The American people rose as one and told the government of the United States not to drag us into another Middle East war in Syria.
Barack Obama was ready to launch air and missile strikes when a national uproar forced him to go to Congress for authorization. Congress seemed receptive until some Hill offices were swarmed by phone calls and emails coming in at a rate of 100-1 against war.
Middle America stopped the government from taking us into what even the president now concedes is "somebody else's civil war."
This triumphal coming together of left and right was a rarity in national politics. But Ralph Nader, in Unstoppable: The Emerging Left-Right Alliance to Dismantle the Corporate State, believes that ad hoc alliances of left and right to achieve common goals can, should, and, indeed, shall be our political future.
To call this an optimistic book is serious understatement.
Certainly, left and right have come together before.
In Those Angry Days, Lynne Olson writes of how future presidents from opposing parties, Gerald Ford and John F. Kennedy, backed the America First Committee to keep us out of war in 1941, and how they were supported by the far-left Nation magazine as well as Colonel Robert McCormick's right-wing Chicago Tribune.
Congress voted with corporate America—against the country.
Result: 20 years of the largest trade deficits in U.S. history. Transnational corporations have prospered beyond the dreams of avarice, as Middle America has seen its wages frozen for a generation.
In 2002, Hillary Clinton and John Kerry joined John McCain and George W. Bush in backing war on Iraq. Teddy Kennedy and Bernie Sanders stood with Ron Paulc and the populist and libertarian right in opposing the war.
The Mises Institute and The American Conservative were as one with The Nation in opposing this unprovoked and unnecessary war.
The left-right coalition failed to stop the war, and we are living with the consequences in the Middle East, and in our veterans hospitals.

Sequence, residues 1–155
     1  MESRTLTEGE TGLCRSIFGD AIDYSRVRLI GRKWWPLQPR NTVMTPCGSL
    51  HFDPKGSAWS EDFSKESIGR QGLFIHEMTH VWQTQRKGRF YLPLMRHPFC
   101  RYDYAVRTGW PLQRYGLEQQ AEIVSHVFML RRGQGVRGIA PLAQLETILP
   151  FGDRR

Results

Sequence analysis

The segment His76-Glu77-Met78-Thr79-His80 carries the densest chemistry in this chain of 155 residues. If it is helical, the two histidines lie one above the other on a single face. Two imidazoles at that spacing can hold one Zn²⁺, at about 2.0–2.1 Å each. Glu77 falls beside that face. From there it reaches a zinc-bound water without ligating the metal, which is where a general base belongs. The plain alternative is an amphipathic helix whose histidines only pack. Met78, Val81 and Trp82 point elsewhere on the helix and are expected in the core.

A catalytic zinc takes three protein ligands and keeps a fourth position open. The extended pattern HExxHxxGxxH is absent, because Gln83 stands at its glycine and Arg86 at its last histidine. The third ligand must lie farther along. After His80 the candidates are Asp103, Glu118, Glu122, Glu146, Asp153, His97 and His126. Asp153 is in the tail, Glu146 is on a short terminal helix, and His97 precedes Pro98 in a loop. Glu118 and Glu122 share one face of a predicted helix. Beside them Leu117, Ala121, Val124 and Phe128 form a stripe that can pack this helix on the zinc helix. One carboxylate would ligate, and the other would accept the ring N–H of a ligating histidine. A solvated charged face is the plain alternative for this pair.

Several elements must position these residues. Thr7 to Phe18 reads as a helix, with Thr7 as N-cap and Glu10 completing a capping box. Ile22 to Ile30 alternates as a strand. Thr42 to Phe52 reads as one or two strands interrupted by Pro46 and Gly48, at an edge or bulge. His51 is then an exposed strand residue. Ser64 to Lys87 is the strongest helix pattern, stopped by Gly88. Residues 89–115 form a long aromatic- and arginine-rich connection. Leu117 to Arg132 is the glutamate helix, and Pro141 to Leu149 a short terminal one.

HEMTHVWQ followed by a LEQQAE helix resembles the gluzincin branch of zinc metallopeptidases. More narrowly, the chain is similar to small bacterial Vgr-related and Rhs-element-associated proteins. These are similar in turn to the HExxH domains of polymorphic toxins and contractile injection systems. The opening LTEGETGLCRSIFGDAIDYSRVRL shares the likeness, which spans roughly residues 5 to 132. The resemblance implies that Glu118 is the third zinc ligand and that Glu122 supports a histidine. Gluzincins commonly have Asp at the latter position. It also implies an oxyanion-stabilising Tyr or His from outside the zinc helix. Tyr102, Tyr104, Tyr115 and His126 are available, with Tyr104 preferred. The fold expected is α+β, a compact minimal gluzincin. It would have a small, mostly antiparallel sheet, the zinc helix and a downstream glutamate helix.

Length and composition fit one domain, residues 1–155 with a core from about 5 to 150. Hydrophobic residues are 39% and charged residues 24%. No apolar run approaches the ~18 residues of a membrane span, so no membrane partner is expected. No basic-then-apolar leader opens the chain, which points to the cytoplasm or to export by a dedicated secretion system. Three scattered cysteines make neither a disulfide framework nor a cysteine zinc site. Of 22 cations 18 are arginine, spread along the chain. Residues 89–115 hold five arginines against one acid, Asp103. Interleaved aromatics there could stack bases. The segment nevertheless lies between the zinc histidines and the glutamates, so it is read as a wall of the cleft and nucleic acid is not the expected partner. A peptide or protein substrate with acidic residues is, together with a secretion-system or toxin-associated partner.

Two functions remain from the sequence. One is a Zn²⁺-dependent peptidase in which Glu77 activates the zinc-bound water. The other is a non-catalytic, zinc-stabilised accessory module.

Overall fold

As America's most indefatigable political activist since he wrote "Unsafe at Any Speed" in 1965, Ralph is calling for "convergences" of populist and libertarian conservatives and the left—for 25 goals.
Among these are many with an appeal to the traditionalist and libertarian right:
Where such men see a $17 trillion economy, we see a country.
Undeniably, there has been a growing gap and a deepening alienation between traditional conservatives and those Ralph calls the "corporate conservatives." And it is not only inside the conservative movement and the GOP that the rift is growing, but also Middle America.
For America never voted for NAFTA, GATT, the WTO, mass immigration, amnesty, or more H-1Bs to come take the jobs of our workers. These votes have been forced upon members of Congress by leaders carrying out their assignments from corporate America and its PACs, which reward the compliant with campaign checks.
Both parties now feed at the same K Street and Wall Street troughs. Both have oligarchs contributing tens of millions to parties and politicians who do their bidding.
Neither movement would today survive the carpet-bombing of big money that would be called in if either came close to capturing a national party, let alone winning a national election.
Because they have principles and visions in conflict, left-right alliances inevitably fall out and fall apart. Because they are almost always on opposite sides of disputed barricades, it is difficult for both to set aside old wounds and grievances and come together.
A social, moral, and cultural divide that did not exist half a century ago makes it all the more difficult. But if the issue is keeping America out of unnecessary wars and restoring American sovereignty, surely common ground is not impossible to find.
Patrick J. Buchanan needs no introduction to VDARE.COM readers; his books State of Emergency: The Third World Invasion and Conquest of America, and Suicide of a Superpower: Will America Survive to 2025? are available from Amazon.com